He carried the emotional pain with him for decades. Driving his hand into the spike caused him to feel something else.

Its kind of a self medication.

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Yes. Also, it was a desperate act of trying to do something. His whole life, he could never do anything to stop evil from being done. Now just after he finally takes action and stands against the corrupt and refuses to sign the papers, he again finds himself completely powerless, and in a much graver state of affairs. People might thrash objects in situations like these, but he needed something stronger than that to cope with his lifelong impotence, to stand for real action.

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The music at the end was a bit jarring, but I figured it was to show this guy was traumatized and the rest of the world goes on. He is staggering up the street while people walk by oblivious to his pain. The music illustrated the city, not him. Maybe the music was for the audience too. (I saw this in a theater last night) We get to go home and forget about the pain and trauma, but Nazermann is stuck in his memories. It is our exit music.




Dictated, but not read.

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You can't judge this movie by any other standard. It exposes the personal horror of a very damaged human being.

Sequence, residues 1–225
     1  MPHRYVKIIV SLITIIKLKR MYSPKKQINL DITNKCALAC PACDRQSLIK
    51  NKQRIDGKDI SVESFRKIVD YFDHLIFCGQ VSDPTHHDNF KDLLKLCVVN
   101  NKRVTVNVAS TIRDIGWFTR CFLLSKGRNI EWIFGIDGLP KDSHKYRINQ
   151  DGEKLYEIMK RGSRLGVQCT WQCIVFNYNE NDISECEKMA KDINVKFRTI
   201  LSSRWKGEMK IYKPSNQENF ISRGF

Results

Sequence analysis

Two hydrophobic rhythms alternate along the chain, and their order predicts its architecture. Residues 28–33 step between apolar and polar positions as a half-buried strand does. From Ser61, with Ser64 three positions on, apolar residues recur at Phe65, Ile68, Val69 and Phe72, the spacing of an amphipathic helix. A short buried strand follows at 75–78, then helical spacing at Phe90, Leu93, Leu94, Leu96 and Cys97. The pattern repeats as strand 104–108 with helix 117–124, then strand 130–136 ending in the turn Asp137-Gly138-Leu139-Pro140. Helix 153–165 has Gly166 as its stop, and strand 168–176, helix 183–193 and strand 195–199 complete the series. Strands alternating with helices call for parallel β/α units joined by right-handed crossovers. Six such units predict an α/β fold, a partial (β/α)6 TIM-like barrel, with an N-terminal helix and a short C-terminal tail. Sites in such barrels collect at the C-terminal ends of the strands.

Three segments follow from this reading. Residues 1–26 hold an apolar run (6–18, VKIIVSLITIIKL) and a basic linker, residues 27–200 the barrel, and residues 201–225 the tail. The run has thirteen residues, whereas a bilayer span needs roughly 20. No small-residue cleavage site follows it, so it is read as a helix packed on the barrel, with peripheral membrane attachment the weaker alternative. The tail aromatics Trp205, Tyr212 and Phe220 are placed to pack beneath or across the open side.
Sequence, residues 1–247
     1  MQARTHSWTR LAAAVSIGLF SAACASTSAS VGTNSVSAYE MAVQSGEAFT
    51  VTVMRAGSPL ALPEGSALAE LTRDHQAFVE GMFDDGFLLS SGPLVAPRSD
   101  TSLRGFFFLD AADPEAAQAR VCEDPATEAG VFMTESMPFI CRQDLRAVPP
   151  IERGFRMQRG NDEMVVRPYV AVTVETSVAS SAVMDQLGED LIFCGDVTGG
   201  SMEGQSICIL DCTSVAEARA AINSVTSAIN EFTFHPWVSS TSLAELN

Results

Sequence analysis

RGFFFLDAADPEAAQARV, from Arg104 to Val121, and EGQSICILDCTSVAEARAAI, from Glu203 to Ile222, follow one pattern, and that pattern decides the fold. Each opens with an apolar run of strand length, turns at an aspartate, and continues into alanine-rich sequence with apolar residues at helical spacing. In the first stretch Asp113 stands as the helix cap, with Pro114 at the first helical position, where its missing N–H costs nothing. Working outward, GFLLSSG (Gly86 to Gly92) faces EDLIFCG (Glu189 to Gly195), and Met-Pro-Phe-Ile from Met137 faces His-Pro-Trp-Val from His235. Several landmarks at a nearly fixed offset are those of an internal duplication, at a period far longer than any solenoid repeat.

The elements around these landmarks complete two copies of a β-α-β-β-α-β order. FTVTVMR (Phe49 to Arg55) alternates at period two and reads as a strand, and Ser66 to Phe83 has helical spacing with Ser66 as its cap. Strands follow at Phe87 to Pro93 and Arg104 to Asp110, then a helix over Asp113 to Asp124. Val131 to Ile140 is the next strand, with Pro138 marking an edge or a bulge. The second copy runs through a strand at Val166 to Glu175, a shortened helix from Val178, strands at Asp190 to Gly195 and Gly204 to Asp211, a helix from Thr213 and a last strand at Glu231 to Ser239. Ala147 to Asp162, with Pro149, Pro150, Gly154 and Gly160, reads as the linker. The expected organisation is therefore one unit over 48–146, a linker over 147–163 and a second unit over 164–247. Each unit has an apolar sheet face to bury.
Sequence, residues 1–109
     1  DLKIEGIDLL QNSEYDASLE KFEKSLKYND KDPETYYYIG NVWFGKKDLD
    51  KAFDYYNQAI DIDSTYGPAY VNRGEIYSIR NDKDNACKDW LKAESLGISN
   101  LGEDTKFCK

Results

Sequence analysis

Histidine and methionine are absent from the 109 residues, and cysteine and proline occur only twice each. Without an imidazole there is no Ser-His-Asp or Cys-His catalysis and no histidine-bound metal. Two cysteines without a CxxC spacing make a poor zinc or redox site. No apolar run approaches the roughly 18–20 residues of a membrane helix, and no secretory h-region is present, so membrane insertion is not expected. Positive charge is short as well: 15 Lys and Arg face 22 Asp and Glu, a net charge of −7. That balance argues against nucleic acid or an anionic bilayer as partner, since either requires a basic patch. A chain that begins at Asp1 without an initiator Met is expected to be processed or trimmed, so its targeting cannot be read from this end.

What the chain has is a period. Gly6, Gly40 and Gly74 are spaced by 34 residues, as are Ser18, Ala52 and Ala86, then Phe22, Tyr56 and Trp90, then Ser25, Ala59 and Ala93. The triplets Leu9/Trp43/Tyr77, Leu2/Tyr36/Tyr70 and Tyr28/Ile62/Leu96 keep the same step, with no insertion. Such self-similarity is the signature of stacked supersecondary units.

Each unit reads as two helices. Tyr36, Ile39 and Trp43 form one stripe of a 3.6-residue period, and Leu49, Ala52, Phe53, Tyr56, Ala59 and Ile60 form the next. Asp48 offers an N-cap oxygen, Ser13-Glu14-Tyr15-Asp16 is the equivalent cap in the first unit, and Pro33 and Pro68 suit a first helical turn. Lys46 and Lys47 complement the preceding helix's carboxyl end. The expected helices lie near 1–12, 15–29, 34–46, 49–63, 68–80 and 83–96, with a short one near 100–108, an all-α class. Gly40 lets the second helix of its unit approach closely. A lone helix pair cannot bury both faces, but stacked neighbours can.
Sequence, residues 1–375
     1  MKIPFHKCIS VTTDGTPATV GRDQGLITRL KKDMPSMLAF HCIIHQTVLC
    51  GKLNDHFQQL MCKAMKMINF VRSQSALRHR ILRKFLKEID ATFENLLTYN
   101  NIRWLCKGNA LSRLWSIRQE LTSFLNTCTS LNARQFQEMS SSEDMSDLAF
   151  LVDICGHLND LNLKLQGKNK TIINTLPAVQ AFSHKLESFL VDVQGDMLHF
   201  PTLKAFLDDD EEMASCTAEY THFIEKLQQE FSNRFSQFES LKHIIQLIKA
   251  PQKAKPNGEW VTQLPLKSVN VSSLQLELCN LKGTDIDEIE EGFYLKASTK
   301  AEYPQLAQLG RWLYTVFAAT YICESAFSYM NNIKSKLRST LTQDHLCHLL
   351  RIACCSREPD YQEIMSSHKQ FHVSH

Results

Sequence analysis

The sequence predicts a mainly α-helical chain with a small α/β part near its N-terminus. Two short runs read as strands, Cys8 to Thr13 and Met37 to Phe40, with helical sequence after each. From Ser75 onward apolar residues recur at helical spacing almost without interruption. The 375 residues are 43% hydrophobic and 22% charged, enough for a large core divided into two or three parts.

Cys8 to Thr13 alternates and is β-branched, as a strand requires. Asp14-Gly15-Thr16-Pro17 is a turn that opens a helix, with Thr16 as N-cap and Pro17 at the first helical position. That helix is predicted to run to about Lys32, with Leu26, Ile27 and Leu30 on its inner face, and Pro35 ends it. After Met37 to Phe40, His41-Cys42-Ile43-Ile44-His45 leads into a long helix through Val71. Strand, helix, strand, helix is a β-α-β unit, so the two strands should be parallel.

The edgy music is from a score by Quincy Jones who was chosen to provide the brassy New York naked city flavor. The final scene is the culmination of Nazerman's rising from the dead. He had lost everything and there was nothing he could do about it. He was bitter, insensitive, cruel but showed a certain benevolence to Ortiz and was doing ok until he realized he worked for a pimp much like the SS Nazis who raped and abused his wife in the camp.

The symbolism of the silent scream and pawn nail was symbolism of how Nazerman had pawned his life away for a mere percentage of living. How he had abused people he might have helped.

In order to appreciate this film as did the NY Film Critics award as well as the Acaddemy Awards and Canne festival, you have to see it subjectively if possible. Put yourself in Nazerman's shoes. How would you react ?

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[deleted]

quote: "It would be great to read or hear an interview with Sydney Lumet one day to see what his intention was for the ending and the rest of the film. "